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CBS All Access to be rechristened Paramount+

It won't get high marks for creativity and originality, but ViacomCBS has come up with its new name for CBS All Access: Paramount+.

Joining Disney, ESPN, Apple TV and even TiVo in tacking a "+" sign to the end of the name of a premium streaming service, ViacomCBS said the new brand will take hold in early 2021 in the US alongside an initial international expansion into Australia, Latin America and the Nordics.

ViacomCBS reasoned in part that the Paramount brand has high global recognition among its various media properties, which also include CBS, Showtime, Comedy Central, Nickelodeon MTV and The CW.

Paramount "has near universal brand recognition … so that fits with our global footprint," ViacomCBS CEO Bob Bakish told CNBC.

ViacomCBS did not announce pricing for the successor to CBS All Access, which today sells for $5.99 per month with ads, and $9.99 per month without ads. Bakish promised that Paramount+ will be a "truly differentiated product" offering a range of live sports, news and – in an obvious nod to the Paramount logo – "a mountain of entertainment." All-in, Paramount+ will boot up with about 30,000 TV shows and film titles from the ViacomCBS stable of networks and studios.

New originals will also feature heavily in the new OTT offering, including a TV drama called "The Offer" inspired by "The Godfather" films, a spy/espionage series called "Lioness," and a reboot of "The Game." Those will build on originals already tied to CBS All Access, such as "Star Trek: Discovery" and "Star Trek: Picard," and an already announced "SpongeBob SquarePants" spin-off titled "Kamp Koral."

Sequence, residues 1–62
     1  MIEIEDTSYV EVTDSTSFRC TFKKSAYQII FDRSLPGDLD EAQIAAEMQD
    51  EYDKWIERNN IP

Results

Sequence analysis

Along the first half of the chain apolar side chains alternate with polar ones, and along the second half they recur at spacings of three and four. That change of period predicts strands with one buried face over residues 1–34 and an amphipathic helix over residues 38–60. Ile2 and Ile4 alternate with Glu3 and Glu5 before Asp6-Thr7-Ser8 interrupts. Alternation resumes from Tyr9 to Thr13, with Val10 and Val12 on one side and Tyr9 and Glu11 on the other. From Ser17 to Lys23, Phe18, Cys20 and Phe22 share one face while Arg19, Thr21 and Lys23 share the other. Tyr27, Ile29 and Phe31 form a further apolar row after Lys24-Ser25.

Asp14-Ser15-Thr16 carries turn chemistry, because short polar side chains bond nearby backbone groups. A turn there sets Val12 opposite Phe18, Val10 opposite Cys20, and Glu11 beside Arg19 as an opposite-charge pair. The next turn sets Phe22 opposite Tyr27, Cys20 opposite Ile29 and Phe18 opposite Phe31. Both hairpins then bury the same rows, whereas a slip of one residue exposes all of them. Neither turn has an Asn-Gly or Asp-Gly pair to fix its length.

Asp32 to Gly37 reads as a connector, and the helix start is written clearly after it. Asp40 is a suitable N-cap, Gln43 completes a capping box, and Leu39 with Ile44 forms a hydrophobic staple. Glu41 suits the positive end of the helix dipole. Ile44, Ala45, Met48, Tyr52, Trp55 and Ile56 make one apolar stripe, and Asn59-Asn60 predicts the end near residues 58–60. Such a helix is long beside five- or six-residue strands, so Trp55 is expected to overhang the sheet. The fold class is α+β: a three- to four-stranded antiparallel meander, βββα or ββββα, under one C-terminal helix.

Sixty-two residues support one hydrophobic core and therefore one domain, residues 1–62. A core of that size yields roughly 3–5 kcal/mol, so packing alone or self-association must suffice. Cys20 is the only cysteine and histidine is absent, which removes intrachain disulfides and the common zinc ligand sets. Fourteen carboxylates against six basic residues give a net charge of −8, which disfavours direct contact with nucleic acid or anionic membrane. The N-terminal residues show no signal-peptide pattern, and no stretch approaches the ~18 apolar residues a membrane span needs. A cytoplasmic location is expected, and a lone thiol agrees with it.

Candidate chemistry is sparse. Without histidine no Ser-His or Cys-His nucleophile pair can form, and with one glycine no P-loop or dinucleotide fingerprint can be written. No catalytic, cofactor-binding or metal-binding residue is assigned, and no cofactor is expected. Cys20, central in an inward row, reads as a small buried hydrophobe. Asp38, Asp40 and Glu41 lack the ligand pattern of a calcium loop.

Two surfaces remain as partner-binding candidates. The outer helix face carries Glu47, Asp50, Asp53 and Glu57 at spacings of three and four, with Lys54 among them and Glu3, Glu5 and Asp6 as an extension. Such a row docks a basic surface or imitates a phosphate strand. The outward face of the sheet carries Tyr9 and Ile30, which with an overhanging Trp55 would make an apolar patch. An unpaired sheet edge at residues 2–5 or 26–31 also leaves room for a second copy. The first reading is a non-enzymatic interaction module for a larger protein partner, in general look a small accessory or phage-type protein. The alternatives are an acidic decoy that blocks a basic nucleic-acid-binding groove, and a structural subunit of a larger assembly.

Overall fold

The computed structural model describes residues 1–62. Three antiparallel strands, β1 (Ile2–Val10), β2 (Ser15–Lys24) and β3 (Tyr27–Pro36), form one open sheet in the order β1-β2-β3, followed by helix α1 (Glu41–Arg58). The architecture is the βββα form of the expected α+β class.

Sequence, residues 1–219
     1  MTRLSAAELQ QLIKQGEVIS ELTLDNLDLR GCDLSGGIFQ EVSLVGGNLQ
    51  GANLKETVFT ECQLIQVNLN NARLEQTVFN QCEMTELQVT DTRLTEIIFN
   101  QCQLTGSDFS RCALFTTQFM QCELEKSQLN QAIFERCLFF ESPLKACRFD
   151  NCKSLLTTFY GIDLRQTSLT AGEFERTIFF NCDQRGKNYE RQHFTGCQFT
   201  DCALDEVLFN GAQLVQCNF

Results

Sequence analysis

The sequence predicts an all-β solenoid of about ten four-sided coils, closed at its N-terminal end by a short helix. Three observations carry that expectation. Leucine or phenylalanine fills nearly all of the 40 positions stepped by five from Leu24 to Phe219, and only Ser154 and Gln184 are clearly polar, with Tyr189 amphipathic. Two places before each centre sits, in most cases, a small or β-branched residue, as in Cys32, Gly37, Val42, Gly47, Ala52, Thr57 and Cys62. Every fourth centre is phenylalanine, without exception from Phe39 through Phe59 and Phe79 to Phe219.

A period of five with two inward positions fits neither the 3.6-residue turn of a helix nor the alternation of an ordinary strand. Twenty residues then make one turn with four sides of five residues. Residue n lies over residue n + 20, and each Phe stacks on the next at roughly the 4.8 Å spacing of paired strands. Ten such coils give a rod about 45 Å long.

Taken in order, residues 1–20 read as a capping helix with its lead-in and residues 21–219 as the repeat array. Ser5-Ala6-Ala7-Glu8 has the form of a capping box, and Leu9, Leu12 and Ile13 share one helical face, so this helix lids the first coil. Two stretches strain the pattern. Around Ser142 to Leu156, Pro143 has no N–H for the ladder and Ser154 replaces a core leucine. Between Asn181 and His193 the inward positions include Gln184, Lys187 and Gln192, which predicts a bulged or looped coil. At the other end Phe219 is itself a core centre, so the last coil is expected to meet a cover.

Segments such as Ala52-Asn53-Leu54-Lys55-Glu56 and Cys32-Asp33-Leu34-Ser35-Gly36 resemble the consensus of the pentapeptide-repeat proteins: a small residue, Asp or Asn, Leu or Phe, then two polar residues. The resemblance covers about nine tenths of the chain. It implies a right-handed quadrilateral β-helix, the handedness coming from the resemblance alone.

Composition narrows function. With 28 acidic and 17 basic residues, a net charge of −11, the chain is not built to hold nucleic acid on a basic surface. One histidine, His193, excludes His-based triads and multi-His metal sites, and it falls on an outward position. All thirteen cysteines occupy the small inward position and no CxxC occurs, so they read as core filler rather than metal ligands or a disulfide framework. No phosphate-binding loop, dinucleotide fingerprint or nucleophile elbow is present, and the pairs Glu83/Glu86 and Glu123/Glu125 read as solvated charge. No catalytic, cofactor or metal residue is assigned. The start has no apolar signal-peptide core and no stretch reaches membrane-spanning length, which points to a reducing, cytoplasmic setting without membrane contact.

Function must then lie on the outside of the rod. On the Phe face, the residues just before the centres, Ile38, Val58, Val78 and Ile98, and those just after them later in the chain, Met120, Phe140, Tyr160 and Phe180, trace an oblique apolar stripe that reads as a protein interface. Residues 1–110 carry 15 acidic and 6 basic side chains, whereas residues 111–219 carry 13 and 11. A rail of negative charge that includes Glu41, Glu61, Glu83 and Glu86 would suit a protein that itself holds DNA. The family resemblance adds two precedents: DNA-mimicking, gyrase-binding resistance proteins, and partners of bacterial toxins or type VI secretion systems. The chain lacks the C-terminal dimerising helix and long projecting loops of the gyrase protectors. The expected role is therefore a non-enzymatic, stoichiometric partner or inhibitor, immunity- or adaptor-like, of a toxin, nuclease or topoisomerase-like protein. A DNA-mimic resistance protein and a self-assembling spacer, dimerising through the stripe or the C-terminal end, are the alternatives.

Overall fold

"Franchises figure very prominently in Paramount+," Bakish said, holding that the new, broader streaming service will appeal to a wide demo, which is the same position that WarnerMedia happens to be trying to establish with its new HBO Max service.

While a rebrand does seem in order given that Paramount+ will be a global streaming service, that ViacomCBS went with an olde tyme media brand and simply attached a plus sign to it did not escape some ribbing on the Twitterverse. Some examples:

OK, so not everyone mocked the decision:

And one top media industry analyst did note that the service's new moniker should put a rumor to bed:


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